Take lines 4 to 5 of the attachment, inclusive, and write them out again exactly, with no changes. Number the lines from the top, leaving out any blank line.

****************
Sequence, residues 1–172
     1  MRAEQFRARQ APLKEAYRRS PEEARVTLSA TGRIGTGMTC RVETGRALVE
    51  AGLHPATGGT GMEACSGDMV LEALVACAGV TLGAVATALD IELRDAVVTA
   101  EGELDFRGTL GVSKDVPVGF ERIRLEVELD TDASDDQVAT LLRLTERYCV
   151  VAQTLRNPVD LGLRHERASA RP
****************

   101  EGELDFRGTL GVSKDVPVGF ERIRLEVELD TDASDDQVAT LLRLTERYCV
   151  VAQTLRNPVD LGLRHERASA RP